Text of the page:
A model of the Beagle 2 lander as it might appear on Mars today.
Researchers have succeeded in enhancing the images taken of the ill-fated probe’s final resting place.
Developed by a team of British academics and headed up by the late Colin Pillinger, Beagle 2 was an ambitious, low-budget spacecraft designed to be carried to Mars as part of ESA’s 2003 Mars Express mission where it would detach, descend and land on the planet’s surface.
While the little probe managed to reach Mars without any problems, all contact with it was lost soon after deployment and for the next 12 years its fate would continue to remain a complete mystery.
It wasn’t until scientists operating the HiRise camera on NASA’s Mars Reconnaissance Orbiter spotted Beagle 2 on the Martian surface in 2015 that its whereabouts were finally determined.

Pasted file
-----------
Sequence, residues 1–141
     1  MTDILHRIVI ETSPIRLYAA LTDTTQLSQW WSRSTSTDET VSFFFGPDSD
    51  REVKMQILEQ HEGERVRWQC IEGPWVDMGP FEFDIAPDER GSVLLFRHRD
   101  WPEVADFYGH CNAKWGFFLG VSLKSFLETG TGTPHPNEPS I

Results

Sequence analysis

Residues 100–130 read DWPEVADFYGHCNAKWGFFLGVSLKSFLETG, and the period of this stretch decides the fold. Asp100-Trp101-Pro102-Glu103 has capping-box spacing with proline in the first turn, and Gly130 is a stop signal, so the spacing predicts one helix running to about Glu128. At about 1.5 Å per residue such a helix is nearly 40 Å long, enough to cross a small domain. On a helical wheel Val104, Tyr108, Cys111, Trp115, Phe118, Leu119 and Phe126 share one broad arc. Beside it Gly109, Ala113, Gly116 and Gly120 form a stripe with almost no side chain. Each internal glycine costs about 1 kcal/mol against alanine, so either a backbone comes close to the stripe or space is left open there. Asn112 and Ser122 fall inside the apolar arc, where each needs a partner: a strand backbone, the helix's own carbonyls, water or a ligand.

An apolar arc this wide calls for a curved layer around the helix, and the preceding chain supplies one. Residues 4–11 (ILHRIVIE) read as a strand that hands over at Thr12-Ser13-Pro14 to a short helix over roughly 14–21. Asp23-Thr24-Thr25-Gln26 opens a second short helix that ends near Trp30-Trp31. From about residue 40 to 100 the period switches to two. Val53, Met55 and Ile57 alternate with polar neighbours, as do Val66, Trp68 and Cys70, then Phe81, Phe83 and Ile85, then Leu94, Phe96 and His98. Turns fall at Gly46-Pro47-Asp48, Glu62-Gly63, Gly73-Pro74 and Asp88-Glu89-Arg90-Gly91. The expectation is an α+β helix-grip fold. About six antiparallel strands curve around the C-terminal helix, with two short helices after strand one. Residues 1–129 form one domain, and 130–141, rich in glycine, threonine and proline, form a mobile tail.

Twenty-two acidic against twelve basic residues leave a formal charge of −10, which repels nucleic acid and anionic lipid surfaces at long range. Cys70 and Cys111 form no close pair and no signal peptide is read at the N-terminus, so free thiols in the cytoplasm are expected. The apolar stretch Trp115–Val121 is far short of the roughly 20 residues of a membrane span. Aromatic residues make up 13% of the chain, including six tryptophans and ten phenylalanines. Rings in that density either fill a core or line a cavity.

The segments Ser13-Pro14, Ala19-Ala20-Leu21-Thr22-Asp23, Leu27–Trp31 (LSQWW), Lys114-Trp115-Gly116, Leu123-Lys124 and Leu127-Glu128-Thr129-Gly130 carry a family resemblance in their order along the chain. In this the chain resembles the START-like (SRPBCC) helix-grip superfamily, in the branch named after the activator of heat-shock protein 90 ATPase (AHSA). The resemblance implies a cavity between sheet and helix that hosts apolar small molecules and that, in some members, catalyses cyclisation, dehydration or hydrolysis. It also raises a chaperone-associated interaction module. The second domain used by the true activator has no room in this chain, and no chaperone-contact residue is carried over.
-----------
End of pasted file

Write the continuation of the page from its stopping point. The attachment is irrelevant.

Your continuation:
Now researchers at University College, London have released new enhanced versions of these images that show the probe’s final resting place on Mars in more detail than ever before.
“Given the size of Beagle 2, even with super-resolution images you are not likely to see more than a series of blobs because it is so small,” said Mark Sims of the University of Leicester.
“What it does show is that it is on the surface and it is at least partially deployed.”
Originally posted 2016-05-04 21:55:09. Republished by Blog Post Promoter